The original framing here is balloon framing. It doesn't work the same way that platform framing works. (Platform framing variants are almost universal for well over 50 years in the US.) The studs are continuous from the plate under the rafters to the sill on the foundation.
It replaced post and beam construction because it didn't rely on massive straight timbers for posts, beams, and girts. It went out of style when it got to be hard to get lumber long enough for those long studs.
The board you're calling a header isn't really a header, it's a ribband or ledger. The joists rest on the ribband, but are also face nailed to the studs, so the ribband doesn't do all of the transfer of the floor load to the studs. The ribband doesn't span across openings the way a header or joist or beam does.
I don't have any technical understanding how window openings in balloon framing worked. If you're used to platform framing headers, some of what you see in balloon framing looks like it wouldn't work. But it has held up very well in homes built from the late 1800s to maybe 1930. The walls are surprisingly strong. They usually just have a single horizontal 2x4 spanning the small openings, maybe a doubled 2x4. (Of course in those days, a 2x4 was really 2" x 4", and the quality of lumber in general was far better.) I have seen pictures of much more elaborate methods, but haven't actually seen them in the wild. I suspect they were used in the load bearing walls on bigger openings in high end homes.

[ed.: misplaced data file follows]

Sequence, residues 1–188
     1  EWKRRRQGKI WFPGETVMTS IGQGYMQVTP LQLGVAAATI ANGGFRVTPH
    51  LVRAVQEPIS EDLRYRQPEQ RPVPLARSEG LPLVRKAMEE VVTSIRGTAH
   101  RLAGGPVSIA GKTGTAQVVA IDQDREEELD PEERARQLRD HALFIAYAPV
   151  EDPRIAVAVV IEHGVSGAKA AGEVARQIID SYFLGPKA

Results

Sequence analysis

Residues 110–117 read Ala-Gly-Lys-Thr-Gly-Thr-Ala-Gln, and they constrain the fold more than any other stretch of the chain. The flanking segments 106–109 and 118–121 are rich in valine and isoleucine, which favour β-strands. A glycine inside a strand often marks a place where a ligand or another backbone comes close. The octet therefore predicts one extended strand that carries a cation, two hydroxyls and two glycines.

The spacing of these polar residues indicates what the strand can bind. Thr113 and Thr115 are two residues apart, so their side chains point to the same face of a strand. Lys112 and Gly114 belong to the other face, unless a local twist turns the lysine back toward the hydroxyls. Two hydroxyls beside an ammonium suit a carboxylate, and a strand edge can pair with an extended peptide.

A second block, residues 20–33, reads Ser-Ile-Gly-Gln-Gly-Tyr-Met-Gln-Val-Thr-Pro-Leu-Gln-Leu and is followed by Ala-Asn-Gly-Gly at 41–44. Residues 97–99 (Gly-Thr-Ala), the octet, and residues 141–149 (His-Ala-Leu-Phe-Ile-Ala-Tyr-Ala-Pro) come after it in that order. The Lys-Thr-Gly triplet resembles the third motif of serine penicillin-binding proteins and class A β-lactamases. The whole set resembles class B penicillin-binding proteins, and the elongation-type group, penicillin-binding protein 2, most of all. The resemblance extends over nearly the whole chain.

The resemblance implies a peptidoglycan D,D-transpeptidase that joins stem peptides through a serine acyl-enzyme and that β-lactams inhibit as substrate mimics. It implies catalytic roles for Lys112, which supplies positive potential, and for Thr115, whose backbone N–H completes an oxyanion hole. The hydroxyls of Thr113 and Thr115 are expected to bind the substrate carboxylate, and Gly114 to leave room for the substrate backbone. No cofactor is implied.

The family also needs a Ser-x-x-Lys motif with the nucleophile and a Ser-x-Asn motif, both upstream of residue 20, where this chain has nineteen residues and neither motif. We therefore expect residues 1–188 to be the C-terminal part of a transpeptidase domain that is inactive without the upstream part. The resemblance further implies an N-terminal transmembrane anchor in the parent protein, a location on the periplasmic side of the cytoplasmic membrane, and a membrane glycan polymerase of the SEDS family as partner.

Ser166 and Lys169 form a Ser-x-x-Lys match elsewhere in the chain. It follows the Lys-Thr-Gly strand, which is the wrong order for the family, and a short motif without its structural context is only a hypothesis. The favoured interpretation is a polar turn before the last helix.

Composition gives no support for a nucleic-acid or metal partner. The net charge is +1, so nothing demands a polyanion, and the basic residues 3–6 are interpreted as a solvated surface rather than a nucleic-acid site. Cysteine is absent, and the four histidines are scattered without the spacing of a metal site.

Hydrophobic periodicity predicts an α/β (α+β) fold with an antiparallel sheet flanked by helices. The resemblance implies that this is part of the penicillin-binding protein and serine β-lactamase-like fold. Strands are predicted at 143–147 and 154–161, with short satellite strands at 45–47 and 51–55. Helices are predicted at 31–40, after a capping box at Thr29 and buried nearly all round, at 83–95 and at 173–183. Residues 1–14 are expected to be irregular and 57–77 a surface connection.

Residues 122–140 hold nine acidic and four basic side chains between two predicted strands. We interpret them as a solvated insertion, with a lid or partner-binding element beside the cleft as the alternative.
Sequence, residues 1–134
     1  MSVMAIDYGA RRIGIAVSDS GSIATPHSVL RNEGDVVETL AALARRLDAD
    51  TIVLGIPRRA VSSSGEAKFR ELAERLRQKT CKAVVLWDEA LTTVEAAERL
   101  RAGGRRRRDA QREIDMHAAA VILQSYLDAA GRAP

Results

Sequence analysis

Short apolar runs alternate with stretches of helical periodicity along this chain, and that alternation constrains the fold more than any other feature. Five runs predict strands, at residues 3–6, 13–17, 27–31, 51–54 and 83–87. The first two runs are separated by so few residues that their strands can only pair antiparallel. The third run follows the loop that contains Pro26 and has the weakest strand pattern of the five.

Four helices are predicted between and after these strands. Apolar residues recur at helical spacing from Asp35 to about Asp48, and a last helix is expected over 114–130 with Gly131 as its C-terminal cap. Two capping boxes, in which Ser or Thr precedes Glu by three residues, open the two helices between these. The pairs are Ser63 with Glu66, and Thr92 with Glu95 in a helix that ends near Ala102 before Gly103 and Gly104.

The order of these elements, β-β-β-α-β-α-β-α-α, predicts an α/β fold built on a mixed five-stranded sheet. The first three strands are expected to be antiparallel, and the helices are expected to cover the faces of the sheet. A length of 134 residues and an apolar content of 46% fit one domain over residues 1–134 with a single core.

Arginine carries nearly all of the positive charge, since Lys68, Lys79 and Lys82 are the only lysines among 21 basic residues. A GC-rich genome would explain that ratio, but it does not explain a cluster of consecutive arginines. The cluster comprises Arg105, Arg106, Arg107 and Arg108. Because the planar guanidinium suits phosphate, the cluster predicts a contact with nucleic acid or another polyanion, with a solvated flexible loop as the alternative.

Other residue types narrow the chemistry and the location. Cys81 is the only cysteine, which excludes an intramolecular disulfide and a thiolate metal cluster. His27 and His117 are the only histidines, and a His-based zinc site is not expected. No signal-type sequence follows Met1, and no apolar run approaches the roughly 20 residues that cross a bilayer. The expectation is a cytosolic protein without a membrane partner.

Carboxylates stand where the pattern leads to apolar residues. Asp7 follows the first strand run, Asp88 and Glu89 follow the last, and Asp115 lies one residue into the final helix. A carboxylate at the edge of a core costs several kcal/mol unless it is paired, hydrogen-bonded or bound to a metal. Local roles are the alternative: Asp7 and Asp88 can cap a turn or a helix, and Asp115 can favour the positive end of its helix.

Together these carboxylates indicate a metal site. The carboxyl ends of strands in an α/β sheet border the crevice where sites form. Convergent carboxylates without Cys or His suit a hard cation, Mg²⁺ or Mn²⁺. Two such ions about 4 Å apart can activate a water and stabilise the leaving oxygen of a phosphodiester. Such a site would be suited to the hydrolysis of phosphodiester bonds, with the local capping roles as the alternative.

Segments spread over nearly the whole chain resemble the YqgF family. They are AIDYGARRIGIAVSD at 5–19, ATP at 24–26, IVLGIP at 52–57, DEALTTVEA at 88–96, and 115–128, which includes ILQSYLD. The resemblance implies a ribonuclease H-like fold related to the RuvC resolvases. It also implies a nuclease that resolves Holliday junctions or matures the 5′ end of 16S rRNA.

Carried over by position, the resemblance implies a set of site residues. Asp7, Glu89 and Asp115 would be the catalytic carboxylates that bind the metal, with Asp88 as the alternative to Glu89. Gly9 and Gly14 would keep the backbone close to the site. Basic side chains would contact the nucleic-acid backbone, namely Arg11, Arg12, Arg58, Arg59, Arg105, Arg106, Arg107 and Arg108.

I suspect it has something to do with balloon framing walls working as a structural assembly. With the sheathing and the ribband, the headers don't support the entire weight above the window. Since the studs are continuous, there are no cripples above the header, the studs above the header continue all the way up. In a sense the headers they used, if you can even call them headers, hang from the studs above.
I am just guessing, but I don't think architects and engineers have a super detailed understanding of how balloon framing works like they do with platform framing. Maybe your architect figured it was better to just overbuild it rather than try to figure out what's the minimum you can get by with. They probably did you a favor - they'd have charged you more for the detailed analysis than you'd ever recover in the cost of lumber you save.